Virginia Gewin, The Atlantic

“The Conservation X Labs device is a first step toward that lofty goal. Using the Barcode of Life Database, the team identifies sequences specific to individual species, then synthesizes these short stretches of DNA and freeze-dries them onto reference chips. It’s not quite Janzen’s dream of a tool capable of identifying any of millions of species. But unlike existing genetic sequencers, which are typically complicated and expensive, this scanner is fast, cheap, and easy to use. It is a handheld, field-ready scanner, the first to swiftly verify, either yes or no, whether something is, indeed, the species someone claims it to be. That alone has utility in law enforcement. If you only need a Ford Fusion, there’s no need to build a Ferrari, says David Baisch, the molecular biologist leading the development of the DNA barcode scanner.”

Tech Support for an Ailing Planet

Virginia Gewin, bioGraphic

“Conservation X Labs also wants to diversify the field of conservation itself. Right now, says Alex Dehgan, co-founder and CEO of Conservation X Labs, “The problem is that conservation is only filled with conservationists.” Dehgan, his co-founder Paul Bunje, and their small team are working to change this, deliberately building a working environment to nurture novel, bold conservation strategies with a specific focus on technology “hacks”—taking existing tools and devices and modifying them to fit new needs. “We’ll need a tribe of hackers, makers, economists, engineers, and entrepreneurs to help a sometimes-technophobic conservation community reverse the sixth mass extinction,” Dehgan says. In other words, they’re forcing a culture clash. The company, with support from the World Wildlife Fund, will soon launch an online digital makerspace, where these disparate groups can find each other and work together to create real-world devices, software, and other tech solutions that can chip away at some of the world’s most pressing environmental problems.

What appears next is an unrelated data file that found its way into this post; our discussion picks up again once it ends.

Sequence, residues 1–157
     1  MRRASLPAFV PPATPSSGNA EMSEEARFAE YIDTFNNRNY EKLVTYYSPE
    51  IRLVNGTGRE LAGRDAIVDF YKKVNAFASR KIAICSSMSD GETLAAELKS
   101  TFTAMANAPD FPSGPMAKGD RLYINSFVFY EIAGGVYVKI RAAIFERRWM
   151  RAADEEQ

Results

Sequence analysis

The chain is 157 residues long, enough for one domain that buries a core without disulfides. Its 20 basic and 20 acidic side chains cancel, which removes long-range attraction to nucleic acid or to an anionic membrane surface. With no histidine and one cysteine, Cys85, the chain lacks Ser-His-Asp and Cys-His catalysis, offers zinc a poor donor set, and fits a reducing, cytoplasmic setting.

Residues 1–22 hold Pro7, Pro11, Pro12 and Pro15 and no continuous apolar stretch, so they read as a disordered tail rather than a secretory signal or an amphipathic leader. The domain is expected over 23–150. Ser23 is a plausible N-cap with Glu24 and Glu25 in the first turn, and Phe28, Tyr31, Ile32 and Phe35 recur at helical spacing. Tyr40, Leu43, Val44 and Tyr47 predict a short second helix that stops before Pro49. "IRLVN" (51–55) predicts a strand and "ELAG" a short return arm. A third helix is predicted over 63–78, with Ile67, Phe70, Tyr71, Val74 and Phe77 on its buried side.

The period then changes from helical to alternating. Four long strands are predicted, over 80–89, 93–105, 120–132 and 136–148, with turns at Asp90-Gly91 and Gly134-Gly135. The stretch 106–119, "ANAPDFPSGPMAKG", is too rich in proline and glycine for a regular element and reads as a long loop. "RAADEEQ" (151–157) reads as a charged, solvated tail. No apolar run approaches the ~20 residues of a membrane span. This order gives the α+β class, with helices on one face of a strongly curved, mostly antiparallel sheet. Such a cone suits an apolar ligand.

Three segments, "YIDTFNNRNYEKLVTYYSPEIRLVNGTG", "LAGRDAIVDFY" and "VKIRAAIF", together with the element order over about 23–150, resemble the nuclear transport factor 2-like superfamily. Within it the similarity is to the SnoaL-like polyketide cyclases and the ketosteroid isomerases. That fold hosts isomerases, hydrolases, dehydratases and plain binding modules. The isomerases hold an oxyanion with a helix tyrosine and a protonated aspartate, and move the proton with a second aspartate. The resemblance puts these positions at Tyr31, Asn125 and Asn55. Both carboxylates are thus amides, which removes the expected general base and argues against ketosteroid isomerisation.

The whole field of conservation is in dire need of an upgrade, Dehgan says. When the conservation movement began, proponents directed their energy toward creating parks and preserves. As the field evolved beyond protecting land, conservationists shifted into phase 2, assigning a dollar value to the often-overlooked ecosystem services, such as water purification or pollination of food crops, that nature provides for free. Now, Dehgan and Bunje say, it’s time for Conservation 3.0: innovative technologies and diverse solutions that tackle unaddressed causes of biodiversity loss, not just its symptoms. The device that Conservation X Labs is building with a total of more than $300,000 in funding (including additional money from Schmidt Marine Technology Partners)—a field-ready DNA scanner capable of quickly identifying species—is a prototype for this movement. It’s a device that delivers technology to improve conservation enforcement. But tech fixes like these face an uphill battle, both in development and adoption, and those in the conservation field are watching closely to see if they can succeed.”